Johnson has played 10 NFL teams prior to this Raiders stop, but hasn’t played in a regular-season game for some time.

Raiders well equipped to 'slam the ball with a beast'


Raiders well equipped to 'slam the ball with a beast'

Raiders head coach Jon Gruden needed specific tools to run his running game. He wanted blocking tight ends and a bruising fullback, relics of a bygone offensive era.

“If Marshawn Lynch is the feature back, I think it’d be nice if we serviced him with a fullback,” Gruden said at the combine. … You need a blocking tight end if you’re going to slam the ball with a beast. So, those are two things that I’m looking for.”

Gruden said he wanted to import some old-school elements to help run with brute force.

Enter free-agent fullback Kyle Smith and tight end Derek Carrier. Welcome back, Lee Smith.

Then, on Sunday, Raiders made another vital move in this old school effort. They cut Marshawn Lynch a $1 million check.

The Oakland native’s roster bonus came due and the Raiders had no problem paying it, the clearest sign Lynch will be the Raiders feature back in 2018.

He’ll have a great chance to thrive in that role. The Raiders have a hulking, expensive offensive line (that still needs a right tackle). They have new ancillary blocking elements, and the centerpiece remains in place.

That last part was expected in recent weeks. The coaching staff, offensive line coach Tom Cable especially, wanted Lynch back. NFL Network confirmed those facts, stating Lynch will be around in 2018.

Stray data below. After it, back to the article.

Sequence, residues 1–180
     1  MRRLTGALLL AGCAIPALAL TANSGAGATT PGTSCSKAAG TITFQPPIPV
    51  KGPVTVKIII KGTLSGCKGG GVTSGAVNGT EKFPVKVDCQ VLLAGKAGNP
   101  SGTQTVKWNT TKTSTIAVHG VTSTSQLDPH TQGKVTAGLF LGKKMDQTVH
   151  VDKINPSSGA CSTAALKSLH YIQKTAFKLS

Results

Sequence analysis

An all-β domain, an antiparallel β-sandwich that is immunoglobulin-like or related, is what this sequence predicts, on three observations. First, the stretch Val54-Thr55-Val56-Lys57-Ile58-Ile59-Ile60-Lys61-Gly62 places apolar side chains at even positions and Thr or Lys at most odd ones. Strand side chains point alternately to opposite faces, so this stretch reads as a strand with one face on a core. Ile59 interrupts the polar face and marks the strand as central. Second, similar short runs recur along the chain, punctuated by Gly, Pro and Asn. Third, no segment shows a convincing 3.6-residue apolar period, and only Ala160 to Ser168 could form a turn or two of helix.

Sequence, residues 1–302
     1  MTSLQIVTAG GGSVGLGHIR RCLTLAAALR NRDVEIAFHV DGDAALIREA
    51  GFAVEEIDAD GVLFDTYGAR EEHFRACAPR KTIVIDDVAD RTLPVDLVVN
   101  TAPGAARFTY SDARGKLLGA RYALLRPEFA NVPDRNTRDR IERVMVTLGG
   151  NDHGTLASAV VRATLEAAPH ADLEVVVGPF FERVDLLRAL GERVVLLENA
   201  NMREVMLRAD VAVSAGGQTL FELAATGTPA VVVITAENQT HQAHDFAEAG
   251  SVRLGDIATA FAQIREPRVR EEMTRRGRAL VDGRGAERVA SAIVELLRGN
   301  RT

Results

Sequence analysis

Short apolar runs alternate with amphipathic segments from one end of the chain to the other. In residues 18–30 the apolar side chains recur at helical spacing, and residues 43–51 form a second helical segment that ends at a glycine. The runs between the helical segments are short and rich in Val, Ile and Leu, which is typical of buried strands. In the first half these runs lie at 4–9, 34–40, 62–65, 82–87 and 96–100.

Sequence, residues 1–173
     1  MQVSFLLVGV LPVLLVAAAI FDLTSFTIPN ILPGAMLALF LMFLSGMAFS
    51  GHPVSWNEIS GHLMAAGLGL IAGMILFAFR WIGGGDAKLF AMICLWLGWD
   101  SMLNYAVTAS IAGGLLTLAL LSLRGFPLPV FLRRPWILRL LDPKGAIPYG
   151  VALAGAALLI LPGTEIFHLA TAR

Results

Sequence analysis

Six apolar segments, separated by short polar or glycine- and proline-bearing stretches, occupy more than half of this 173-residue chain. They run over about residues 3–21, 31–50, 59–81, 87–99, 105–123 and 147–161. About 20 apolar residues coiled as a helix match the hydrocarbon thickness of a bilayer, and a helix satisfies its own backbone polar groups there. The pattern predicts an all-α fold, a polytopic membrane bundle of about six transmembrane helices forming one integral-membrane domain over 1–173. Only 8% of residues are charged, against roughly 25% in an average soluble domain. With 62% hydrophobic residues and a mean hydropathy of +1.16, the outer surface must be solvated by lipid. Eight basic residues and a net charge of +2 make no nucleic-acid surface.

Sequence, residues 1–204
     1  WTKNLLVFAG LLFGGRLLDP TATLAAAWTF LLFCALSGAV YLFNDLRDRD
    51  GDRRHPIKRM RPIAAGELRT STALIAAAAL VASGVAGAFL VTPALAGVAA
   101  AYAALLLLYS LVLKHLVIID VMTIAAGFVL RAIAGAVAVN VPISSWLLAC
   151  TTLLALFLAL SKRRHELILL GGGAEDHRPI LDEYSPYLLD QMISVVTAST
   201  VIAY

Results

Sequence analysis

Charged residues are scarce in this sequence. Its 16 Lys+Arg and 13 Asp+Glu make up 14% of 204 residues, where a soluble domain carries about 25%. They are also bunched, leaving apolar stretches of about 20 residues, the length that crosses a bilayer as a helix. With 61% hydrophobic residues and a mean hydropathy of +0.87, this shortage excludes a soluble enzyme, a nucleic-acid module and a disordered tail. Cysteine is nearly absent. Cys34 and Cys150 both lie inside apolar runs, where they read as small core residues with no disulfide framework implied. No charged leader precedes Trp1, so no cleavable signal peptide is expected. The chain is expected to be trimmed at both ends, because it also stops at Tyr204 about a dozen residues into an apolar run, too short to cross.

That was the case, even with Doug Martin’s addition. The former Tampa Bay back is expected to be a backup bruiser, someone who might put DeAndre Washington or (less likely) Jalen Richard’s job in jeopardy.

The Raiders can cut Lynch without a cap hit. Lynch is scheduled to make $6 million in salary and bonuses, with another $2 million available in incentives. The Raiders should hope to pay those; it would mean Lynch is running well.

The Raiders have given him a great opportunity to do so. They have solid blocking and a coach in Cable who helped him succeed during dominant days in Seattle.

Lynch proved he’s still got it in 2017’s second half, with 70 percent of his 891 rushing yards in the final eight games. He struggled early on, and upset some fans by helping the opposition during a scuffle with Kansas City. That mitigated a PR bump the Raiders looked for when signing a popular Oakland native just months after committing to Las Vegas long-term.

Jack Del Rio and staff grew tired of what they perceived as leeway given to Lynch unavailable to others, and probably wouldn’t have kept him on if still gainfully employed.

Gruden seems committed to Lynch this season, though nothing is ever 100 percent with an enigmatic rusher who doesn’t make private thoughts public.

His elusive, rough-and-tumble rushing style fits well with what Gruden wants, though he demands commitment to the team and sport. Sports Illustrated relayed a story of Gruden saying he needed a “full-time Lynch.”

If he gets that, the Raiders run game should thrive.